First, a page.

This important work challenges the validity of the “New Perspective” on Paul and Judaism. Working with new data from Jewish literature and a fresh reading of Romans 1–5, Simon Gathercole produces a far-reaching criticism of the current approach to Paul and points a new way forward. Building on a detailed examination of the past generation of scholarship on Paul and early Judaism, Gathercole’s work follows two paths.
First, he shows that while early Judaism was not truly oriented around legalistic works-righteousness, it did consider obedience to the Law to be an important criterion at the final judgment. On the basis of this reconstruction of Jewish thought and a rereading of Romans 1–5, Gathercole advances his main argument–that Paul did indeed combat a Jewish perspective that saw obedience to the Law both as possible and as a criterion for vindication at the final judgment. Paul’s reply is that obedience to the Law is not a criterion for the final judgment because human nature makes obedience to the Law impossible. His doctrine of justification can therefore be properly viewed in its Jewish context, yet anthropological issues also take center stage.
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Interested in more? Be sure to check out the Eerdmans Pauline Studies Collection (15 vols.)
“So, three elements can be affirmed as to the identity of the interlocutor in Romans 2: he is a Jew; he is a Jew who has not believed the gospel; and he is a representative of the nation as a whole.” (Page 200)
“Yet the most controversial issue that divides scholars is this: On what is Jewish confidence based—election or obedience?” (Page 10)
“The good of the addressees and of all Israel also embraces prosperity in the ‘near’ future as well, but that is not in dispute. This is one of the clearest texts that shows that what is at stake is also life in the future age, which is predicated on future justification. As L. Schiffmann writes: ‘His repentance will be considered as a righteous deed, beneficial both for him and all Israel, presumably in the eschatological sense.’11 Eschatological rejoicing is a familiar theme from Qumran12 accompanying the vindication of the righteous, and it signals entry into the life of the future age. The New Perspective’s emphasis on ‘works of Torah’ as boundary defining13 to the detriment of their role in final salvation is hard to sustain in the light of this eschatological focus.” (Pages 94–95)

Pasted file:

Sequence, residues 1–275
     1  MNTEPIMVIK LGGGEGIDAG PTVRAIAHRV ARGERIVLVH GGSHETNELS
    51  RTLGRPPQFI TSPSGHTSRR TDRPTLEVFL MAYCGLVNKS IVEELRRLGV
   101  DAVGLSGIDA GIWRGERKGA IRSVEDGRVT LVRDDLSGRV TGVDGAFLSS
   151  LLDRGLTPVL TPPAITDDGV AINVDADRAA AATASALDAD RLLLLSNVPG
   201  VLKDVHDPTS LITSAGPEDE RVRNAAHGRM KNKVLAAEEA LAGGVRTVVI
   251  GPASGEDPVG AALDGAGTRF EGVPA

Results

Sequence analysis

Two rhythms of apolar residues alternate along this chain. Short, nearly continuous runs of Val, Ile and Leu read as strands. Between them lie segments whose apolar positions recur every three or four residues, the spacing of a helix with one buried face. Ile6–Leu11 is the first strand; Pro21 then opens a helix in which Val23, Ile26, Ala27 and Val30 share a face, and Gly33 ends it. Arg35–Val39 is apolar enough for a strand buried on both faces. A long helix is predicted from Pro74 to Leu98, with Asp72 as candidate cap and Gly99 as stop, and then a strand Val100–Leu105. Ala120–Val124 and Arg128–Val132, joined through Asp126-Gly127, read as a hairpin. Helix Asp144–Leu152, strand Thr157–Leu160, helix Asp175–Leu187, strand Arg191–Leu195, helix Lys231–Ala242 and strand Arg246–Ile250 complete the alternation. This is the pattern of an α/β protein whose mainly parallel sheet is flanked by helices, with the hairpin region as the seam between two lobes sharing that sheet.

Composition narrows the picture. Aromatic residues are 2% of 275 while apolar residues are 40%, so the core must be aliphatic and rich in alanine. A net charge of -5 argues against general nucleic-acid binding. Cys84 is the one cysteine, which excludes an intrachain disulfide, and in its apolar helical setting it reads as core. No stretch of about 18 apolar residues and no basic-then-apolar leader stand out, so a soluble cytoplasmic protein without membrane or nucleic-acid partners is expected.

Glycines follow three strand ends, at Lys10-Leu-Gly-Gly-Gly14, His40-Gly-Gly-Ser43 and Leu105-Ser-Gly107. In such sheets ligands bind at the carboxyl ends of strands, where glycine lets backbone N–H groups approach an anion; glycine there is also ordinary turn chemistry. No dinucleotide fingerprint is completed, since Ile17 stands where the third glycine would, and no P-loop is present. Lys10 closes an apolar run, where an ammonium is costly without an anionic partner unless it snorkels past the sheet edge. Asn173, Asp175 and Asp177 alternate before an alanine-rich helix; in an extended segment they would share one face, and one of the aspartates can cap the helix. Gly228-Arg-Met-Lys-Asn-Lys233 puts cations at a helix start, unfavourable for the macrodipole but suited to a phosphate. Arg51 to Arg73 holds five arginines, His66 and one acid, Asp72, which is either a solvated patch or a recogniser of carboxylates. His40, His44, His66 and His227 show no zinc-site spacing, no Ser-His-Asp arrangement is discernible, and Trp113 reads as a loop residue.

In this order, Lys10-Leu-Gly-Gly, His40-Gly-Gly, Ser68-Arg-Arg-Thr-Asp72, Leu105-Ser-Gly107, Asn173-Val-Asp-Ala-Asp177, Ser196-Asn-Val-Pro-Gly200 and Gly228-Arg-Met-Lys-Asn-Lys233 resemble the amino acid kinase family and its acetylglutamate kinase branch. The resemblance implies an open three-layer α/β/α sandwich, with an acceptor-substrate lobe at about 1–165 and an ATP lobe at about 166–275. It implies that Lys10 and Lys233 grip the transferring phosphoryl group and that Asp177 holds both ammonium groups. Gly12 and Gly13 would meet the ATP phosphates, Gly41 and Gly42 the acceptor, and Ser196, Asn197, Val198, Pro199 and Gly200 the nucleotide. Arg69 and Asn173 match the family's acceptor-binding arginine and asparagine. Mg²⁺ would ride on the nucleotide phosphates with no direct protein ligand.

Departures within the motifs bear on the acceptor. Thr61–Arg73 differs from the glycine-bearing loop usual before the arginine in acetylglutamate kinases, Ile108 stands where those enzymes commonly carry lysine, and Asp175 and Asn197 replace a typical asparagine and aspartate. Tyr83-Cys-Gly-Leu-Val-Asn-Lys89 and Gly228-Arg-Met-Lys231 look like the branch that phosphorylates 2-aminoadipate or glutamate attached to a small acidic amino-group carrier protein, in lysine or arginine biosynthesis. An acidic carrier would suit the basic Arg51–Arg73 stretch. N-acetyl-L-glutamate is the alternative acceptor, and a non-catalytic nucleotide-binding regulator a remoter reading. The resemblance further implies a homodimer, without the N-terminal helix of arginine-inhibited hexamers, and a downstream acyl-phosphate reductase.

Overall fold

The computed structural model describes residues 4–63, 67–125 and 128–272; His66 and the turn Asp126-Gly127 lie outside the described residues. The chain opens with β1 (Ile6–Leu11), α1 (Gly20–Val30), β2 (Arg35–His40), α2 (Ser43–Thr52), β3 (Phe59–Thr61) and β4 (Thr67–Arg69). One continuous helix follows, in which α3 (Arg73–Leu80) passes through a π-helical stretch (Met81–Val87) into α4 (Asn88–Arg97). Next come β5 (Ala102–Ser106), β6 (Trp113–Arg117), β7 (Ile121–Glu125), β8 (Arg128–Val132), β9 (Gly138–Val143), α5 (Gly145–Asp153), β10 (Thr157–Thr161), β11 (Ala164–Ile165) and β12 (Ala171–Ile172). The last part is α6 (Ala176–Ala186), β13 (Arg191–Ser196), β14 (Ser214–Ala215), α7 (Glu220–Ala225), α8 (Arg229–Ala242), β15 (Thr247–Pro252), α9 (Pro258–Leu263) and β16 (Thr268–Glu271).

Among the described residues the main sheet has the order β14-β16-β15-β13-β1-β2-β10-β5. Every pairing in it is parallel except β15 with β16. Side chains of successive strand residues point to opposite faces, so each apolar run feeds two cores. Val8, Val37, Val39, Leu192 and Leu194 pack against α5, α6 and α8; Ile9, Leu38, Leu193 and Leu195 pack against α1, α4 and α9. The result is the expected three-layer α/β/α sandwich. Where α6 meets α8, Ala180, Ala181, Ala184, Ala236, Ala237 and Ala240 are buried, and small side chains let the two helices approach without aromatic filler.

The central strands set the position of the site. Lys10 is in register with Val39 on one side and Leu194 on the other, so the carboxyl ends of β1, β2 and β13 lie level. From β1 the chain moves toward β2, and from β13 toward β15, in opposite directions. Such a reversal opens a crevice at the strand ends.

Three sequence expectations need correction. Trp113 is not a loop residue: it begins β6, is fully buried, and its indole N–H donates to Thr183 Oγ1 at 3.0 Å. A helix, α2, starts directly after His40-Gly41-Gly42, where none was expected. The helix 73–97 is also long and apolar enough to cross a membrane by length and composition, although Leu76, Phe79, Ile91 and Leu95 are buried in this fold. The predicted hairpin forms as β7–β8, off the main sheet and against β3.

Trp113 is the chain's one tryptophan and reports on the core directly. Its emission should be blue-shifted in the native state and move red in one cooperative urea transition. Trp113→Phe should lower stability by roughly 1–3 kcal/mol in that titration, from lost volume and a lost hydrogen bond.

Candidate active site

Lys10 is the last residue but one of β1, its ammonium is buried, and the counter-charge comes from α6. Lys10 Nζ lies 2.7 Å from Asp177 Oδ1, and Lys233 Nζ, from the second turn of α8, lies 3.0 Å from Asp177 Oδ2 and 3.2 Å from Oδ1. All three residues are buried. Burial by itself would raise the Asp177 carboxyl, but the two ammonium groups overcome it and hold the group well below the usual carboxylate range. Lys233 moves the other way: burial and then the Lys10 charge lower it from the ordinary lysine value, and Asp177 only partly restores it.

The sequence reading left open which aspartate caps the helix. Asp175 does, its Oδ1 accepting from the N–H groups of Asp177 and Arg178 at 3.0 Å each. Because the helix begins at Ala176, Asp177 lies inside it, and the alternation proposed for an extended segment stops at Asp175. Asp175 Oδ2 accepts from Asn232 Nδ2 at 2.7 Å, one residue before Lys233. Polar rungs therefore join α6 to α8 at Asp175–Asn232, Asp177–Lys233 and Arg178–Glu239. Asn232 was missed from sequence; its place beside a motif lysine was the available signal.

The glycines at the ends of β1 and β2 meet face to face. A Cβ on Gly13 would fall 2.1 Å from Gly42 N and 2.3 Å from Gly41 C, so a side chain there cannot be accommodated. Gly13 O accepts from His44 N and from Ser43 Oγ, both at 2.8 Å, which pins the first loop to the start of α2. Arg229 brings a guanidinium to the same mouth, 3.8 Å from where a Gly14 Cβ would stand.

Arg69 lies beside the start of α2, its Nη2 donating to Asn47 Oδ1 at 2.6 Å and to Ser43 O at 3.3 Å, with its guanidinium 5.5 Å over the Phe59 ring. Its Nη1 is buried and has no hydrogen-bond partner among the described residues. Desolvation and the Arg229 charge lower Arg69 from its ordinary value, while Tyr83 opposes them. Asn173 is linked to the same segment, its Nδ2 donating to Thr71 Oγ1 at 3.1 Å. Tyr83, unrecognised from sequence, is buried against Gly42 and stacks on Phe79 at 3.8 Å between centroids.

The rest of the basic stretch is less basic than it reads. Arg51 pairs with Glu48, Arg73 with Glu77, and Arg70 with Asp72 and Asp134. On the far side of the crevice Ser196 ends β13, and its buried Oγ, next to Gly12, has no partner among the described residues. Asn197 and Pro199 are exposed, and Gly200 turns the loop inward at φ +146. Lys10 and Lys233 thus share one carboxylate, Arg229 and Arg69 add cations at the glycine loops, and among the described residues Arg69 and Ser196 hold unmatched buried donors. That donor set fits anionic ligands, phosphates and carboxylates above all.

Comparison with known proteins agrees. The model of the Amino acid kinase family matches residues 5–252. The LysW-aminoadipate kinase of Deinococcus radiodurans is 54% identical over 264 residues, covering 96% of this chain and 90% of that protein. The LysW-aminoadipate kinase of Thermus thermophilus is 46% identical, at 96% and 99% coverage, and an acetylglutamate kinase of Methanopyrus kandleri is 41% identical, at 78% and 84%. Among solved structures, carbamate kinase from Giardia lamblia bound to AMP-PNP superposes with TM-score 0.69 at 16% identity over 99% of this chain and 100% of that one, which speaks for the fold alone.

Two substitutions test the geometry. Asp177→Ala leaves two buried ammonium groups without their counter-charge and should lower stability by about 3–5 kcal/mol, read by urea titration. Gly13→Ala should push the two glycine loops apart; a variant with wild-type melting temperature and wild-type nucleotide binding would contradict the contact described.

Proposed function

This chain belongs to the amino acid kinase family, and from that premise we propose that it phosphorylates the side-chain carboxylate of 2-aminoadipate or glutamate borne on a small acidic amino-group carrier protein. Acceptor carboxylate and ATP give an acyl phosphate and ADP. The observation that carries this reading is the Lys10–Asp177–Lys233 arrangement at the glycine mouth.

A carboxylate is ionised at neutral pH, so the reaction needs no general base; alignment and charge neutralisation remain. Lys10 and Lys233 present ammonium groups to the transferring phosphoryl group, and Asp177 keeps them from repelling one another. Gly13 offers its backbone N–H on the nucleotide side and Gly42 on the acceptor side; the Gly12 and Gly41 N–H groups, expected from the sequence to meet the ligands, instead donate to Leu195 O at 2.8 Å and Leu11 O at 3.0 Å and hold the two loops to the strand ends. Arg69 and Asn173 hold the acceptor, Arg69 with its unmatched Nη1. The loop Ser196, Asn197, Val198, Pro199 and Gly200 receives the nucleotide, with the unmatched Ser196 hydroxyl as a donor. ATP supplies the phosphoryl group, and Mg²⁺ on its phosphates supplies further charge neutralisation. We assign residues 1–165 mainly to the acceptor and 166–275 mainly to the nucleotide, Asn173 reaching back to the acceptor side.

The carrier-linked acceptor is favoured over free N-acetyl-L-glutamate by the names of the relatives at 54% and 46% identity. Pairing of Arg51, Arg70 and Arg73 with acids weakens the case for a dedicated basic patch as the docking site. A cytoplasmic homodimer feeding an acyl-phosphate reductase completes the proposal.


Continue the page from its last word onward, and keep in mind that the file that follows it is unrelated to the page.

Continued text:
“Paul is not saying here that justification becomes accessible to gentiles because it is not based on accepting the yoke of Torah; rather, he is talking about one who is within the covenant who can be righteous before God despite his sin and lack of works.” (Page 246)
“The Jewish answer to this was to read Genesis 15:6 in the light of Genesis 17 and 22. Paul’s radical break with this interpretive matrix led him to telescope Genesis 15:6 together with Genesis 12:1–4.” (Page 243)
Gathercole has offered a stimulating study that makes an important contribution to an ongoing debate that may perhaps, with the aid of commendable efforts like his own, enter into new and more fruitful stages of discussion.
—Journal of Biblical Literature
The volume is important for our understanding of the theology of early Judaism, for Pauline exegesis and theology and for New Testament theology in general. . . . Well written and persuasive.
Simon Gathercole is senior lecturer in New Testament studies in the faculty of divinity of the University of Cambridge and fellow and director of studies in theology at Fitzwilliam College, Cambridge. A leading British New Testament scholar, he has written hundreds of articles and several groundbreaking volumes, including The Preexistent Son: Recovering the Christologies of Matthew, Mark, and Luke, The Gospel of Judas: Rewriting Early Christianity, The Composition of the Gospel of Thomas, and The Gospel of Thomas: Introduction and Commentary. He is also coauthor of How God Became Jesus: The Real Origins of Belief in Jesus’ Divine Nature—A Response and Heaven on Earth. He also coedited Divine and Human Agency in Paul and His Cultural Environment.